Enhancement of Outward Potassium Current May Participate in B-Amyloid Peptide-Induced Cortical Neuronal Death
Dennis W. Choi, Shan P. Yu
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Department of Neurology and Center for the Study of Nervous System Injury, Washington University School of Medicine, St. Louis, MO, 63110, USA
We found that serum deprivation- or staurosporine-induced apoptosis of neocortical neurons was associated with an early enhancement of delayed rectifier (IK) current, and loss of total intracellular K+. Attenuating outward K+ current with tetraethylammonium or elevated extracellular K+ attenuated this neuronal apoptosis, even if associated increases in [Ca2+]i were prevented. Furthermore, exposure to the K+ ionophore, valinomycin, or the K+ channel opener, cromakalim, was sufficient to induce apoptosis (Science 278:114-117, 1997).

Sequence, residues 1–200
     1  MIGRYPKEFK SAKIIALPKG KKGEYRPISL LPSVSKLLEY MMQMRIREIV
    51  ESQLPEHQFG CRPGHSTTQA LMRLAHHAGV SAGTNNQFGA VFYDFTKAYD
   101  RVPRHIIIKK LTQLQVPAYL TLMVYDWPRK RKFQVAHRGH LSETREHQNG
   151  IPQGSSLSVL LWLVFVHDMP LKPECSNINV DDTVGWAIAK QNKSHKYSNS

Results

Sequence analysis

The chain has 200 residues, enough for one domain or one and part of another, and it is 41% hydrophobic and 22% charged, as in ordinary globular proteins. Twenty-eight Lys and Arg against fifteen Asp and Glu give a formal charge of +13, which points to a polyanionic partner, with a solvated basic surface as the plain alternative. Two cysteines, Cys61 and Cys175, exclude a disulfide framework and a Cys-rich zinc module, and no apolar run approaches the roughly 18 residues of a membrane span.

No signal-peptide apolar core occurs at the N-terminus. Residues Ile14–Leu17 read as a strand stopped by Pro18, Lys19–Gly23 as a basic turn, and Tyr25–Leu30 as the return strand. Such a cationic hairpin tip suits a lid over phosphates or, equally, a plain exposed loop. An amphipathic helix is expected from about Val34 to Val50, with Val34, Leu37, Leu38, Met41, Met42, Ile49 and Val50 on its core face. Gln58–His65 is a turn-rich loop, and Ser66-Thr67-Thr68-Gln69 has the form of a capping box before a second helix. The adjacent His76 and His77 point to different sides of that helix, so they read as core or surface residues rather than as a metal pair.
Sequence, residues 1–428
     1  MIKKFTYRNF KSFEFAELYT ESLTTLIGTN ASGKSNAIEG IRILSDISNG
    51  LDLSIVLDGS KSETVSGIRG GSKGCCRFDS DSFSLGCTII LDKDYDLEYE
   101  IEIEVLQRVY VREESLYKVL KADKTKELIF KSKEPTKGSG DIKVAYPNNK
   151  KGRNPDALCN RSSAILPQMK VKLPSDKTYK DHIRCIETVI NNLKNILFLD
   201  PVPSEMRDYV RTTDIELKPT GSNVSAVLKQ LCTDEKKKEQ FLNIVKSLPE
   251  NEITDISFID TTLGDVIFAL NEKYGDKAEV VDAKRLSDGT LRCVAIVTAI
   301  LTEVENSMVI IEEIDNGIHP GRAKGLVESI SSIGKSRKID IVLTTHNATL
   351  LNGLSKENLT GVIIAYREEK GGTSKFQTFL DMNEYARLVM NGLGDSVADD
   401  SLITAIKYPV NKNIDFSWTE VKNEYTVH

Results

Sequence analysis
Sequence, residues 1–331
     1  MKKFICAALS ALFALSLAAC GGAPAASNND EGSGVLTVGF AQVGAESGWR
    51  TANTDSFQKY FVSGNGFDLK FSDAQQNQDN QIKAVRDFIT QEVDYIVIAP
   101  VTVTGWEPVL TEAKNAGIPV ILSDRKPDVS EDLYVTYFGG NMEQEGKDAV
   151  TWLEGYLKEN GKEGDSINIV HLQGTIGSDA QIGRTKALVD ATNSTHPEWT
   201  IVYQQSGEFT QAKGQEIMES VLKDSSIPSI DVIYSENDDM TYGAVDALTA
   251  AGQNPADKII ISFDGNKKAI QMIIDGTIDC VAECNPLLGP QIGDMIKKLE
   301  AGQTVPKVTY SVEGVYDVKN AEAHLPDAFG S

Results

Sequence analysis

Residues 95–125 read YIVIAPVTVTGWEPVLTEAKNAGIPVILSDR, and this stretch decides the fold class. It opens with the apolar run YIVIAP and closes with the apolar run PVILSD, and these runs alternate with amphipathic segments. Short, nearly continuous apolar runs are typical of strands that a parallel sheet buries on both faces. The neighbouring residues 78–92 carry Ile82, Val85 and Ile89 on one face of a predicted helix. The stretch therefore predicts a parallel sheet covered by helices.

We now report that b-amyloid peptide (Ass)-induced neuronal apoptosis may also involve an enhancement of IK. Cultured murine cortical neurons exposed to Ab fragments 25-35 or 1-42 (20 M) exhibited an enhancement of the delayed rectifier K+ current IK, with a shift of its activation voltage relationship towards hyperpolarized levels and an increase in maximal conductance, without a change in the transient K+ current IA or the charybdotoxin-sensitive BK current. Reducing IK by adding the channel blocker tetraethylammonium (5 mM) or raising extracellular K+ to 25 mM, attenuated Ab-induced neuronal death, even in the presence of nifedipine or gadolinium to block associated increases in [Ca2+]i. These data raise the novel consideration that manipulations aimed at reducing outward K+ current might be useful in reducing neuronal degeneration in patients with Alzheimer's disease.